Reading up on how to care for a Mammillaria Elongata Cactus I see it mentions such things as

  • suspending watering in winter for best care (and to encourage better flowering)
  • the preferred time to re-pot is in the warm season
  • fertilizer can be used in the growing season, but suspend feeding in the winter.

When are such periods in a country where there is no winter, and very little or no change in temperature, such as tropical countries (or indoors where the temperature may be constant)?

Is one supposed to follow what would be the seasons in the country where the plant is from, construct ones own winter, by choosing a time to just water less each year and sticking to it, or can you safely treat the plant the same throughout the year?

3 Answers 3


It depends on which plant you are talking. You should check on gardening book about characteristic of the plant (maybe also on related plants), and you should see what it the trigger on such plants.

Some needs cold period (various limit temperatures and lengths), some requires less sun, some just some rest (after fruiting), some dry period, etc.

For bulbous plants, just take bulbs and put in fridge for one week, and then plant them again.

I would research (or ask here) for specific plant, and see what you can do. In general, I would first try putting the plants in a cold place without watering for 2 weeks (with no direct sun). This should trigger some stress and so they will so hopefully a restart. This should be short enough not to kill the plants.

For orchards an vineyards, some hormones could trigger the winter break (again: it depends on species), but this is done only professionally, where there are already resources and machines to do it, and with expensive plants (so with a pay-back).

  • The plant is a Mammillaria Elongata Cactus.
    – moobot
    Dec 4, 2017 at 4:05

If you live in the tropics, it does not make sense to water your plants less during winter time. The reason to do this in temperate climate, is because of less light (both length and intensity), and for outdoor plants also temperature. The plants will enter a period of dormancy. But also indoor plants, such as cacti use less water in winter because of the light reduction. In the tropics you'll have more or less the same light length, and intensity, so the plant would continue with growing (hence the name tropics).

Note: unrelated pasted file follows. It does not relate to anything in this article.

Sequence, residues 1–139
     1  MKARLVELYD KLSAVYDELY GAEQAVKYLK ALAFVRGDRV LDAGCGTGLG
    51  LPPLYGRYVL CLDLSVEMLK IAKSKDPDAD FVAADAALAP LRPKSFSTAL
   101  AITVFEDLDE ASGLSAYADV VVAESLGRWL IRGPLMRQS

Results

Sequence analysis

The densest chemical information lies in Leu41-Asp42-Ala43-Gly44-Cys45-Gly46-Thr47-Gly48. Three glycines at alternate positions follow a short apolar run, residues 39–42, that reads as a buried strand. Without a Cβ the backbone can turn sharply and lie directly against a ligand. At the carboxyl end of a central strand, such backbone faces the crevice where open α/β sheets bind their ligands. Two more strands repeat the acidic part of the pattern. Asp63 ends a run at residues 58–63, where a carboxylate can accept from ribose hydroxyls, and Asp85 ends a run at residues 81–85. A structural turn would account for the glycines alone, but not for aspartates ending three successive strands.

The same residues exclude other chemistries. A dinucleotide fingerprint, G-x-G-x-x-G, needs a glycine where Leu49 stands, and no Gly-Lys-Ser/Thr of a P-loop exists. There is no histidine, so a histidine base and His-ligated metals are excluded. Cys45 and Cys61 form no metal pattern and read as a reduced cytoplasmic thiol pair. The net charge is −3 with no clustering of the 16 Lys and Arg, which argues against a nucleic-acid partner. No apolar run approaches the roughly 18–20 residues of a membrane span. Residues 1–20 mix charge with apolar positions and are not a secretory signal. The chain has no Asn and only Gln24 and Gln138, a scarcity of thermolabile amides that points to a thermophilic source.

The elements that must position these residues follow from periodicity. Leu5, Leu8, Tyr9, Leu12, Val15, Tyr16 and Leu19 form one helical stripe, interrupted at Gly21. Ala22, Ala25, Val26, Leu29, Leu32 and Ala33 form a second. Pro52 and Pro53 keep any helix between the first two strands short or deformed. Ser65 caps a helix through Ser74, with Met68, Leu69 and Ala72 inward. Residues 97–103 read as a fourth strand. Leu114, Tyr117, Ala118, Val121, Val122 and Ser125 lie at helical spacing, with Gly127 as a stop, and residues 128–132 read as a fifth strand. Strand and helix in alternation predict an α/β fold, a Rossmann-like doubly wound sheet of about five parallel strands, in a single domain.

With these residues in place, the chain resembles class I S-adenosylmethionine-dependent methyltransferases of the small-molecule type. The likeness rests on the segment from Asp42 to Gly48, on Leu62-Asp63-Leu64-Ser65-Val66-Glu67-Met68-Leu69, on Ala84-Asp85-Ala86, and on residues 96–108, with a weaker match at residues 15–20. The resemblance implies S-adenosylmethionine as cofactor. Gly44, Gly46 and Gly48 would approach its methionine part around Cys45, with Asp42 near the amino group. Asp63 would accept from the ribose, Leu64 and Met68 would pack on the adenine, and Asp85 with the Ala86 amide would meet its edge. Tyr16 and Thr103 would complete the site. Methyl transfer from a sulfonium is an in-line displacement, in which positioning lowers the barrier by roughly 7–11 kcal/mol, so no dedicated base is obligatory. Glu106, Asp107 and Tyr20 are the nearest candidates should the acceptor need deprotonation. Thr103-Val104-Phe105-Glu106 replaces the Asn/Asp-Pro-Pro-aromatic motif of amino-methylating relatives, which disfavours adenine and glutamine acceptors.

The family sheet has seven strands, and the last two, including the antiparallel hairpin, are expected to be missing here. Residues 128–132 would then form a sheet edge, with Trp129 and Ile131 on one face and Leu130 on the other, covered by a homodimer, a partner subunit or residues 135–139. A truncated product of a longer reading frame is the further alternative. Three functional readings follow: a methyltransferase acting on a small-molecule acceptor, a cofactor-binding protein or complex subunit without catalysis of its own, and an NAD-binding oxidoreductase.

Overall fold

Some plants, however, need a cold period, for instance seeds of many trees need to have a cold period before they germinate, or apples need a cold period before they will bloom and produce fruits. This is hard to accomplish in the tropics.

  • The general recommendation for many Cacti seem to be stop watering in winter to encourage better flowering. So if I wanted to do this, maybe I could stop watering from Nov - Jan as that is the cool season in Thailand. (still avg of around 26°C though)
    – moobot
    Dec 4, 2017 at 4:05

There's a vast difference between growing something as a houseplant, and growing outdoors in tropical regions. The instructions you quote are clearly aimed at houseplants, which, unless they're indoors in the tropics, will respond to changing light levels from outside, and cooler temperatures at night indoors during winter.

Tropical countries don't really have seasons as such, what they have is a dry season (what passes for winter) and a wet season, or, in some areas, there may be rainfall every day to some degree (rainforest). In those areas which have a dry season, this may go on longer than the wet season, and plants may suffer to a degree because of the dryness, but recover again once the rains arrive.

You don't say what part of the world you are in, so it's difficult to answer the last part of your question with any certainty; you seem to be implying you're in a tropical region, but it's not clear whether you mean rain tropics or dry/wet tropics. Mammillaria elongata is endemic to Mexico, where usually, January is the coldest month, although even that isn't very cold. Regardless, your own plant will respond to indoor conditions rather than those which prevail where it would naturally be growing outdoors.

  • I live in Thailand, and the question is both for house plants and out door plant, as I have some indoors and some on the balcony. Nov to Jan is also the cold season here, although still only drops a few degrees, 26°C being the avg temp in Dec.
    – moobot
    Dec 4, 2017 at 4:03

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